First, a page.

Publication date: April 2020
Source: Journal of Archaeological Science, Volume 116
Author(s): Henny Piezonka, Lyubov’ Kosinskaya, Ekaterina Dubovtseva, Yuri Chemyakin, Dmitri Enshin, Sönke Hartz, Valentina Kovaleva, Svetlana Panina, Svetlana Savchenko, Svetlana Skochina, Thomas Terberger, Viktor Zakh, Mikhail Zhilin, Aleksey Zykov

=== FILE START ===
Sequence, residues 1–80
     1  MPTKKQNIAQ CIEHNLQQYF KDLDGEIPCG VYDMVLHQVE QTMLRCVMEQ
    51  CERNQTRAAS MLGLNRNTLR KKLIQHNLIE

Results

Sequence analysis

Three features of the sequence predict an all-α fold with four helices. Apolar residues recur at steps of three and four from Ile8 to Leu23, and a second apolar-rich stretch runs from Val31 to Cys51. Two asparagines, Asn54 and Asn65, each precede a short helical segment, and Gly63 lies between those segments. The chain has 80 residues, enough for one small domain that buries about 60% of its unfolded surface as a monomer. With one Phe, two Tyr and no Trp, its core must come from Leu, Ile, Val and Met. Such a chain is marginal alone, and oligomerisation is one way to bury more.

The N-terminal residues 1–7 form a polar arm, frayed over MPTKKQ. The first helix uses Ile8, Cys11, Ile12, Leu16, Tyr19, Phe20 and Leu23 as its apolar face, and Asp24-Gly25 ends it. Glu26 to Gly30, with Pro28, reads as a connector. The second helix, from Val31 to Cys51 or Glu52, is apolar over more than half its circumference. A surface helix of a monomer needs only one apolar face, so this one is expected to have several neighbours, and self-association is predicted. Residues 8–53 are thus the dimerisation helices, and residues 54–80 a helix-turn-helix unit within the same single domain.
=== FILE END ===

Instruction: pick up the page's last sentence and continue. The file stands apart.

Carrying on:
The emergence of pottery among Stone Age hunter-gatherer societies of Eurasia constitutes one of the major open questions in Old World prehistory. Located halfway between the earliest Late Glacial cores of pottery production in East Asia, and Eastern Europe with forager ceramic starting around 6000 cal BC, the Urals and West Siberia are a key region in various scenarios currently under discussion. A lack of reliable absolute dates has been hindering an in-depth understanding of the temporal and spatial scales of the initial spread of the ceramic innovation. A Russian-German dating programme has now created a more reliable chronology of the early pottery phase, based on 28 AMS dates from across the study region. Taking freshwater reservoir effects into account, we can show that the earliest reliable evidence for pottery stems from the West Siberian forest steppes and Urals foothills, dating to the end of the 7th millennium cal BC. Over the following centuries, the innovation spread rapidly north into the taiga. Here, the early pottery horizon coincides with a unique set of innovations and intensification in the settlement system and the socio-economic sphere, including the appropriation of vast previously barely settled regions, the emergence of complex and even fortified settlements, and of ritual mounds. Pilot isotopic analyses of pottery charred crusts indicate diverse functions of the early vessels that were apparently not restricted to the processing of fish. The emerging wider picture indicates a surprisingly late, largely concurrent appearance of pottery in hunter-gatherer groups over extensive areas along the southern fringes of the taiga to both sides of the Urals at the end of the 7th millennium cal BC which is apparently not connected to the earlier, Late Pleistocene ceramic traditions in Trans-Baikalia and further East. Possible links to the 8.2 ka climatic event, other underlying triggers as well as the detailed chronology of these developments are still poorly understood and require further archaeological, biomolecular and typological studies.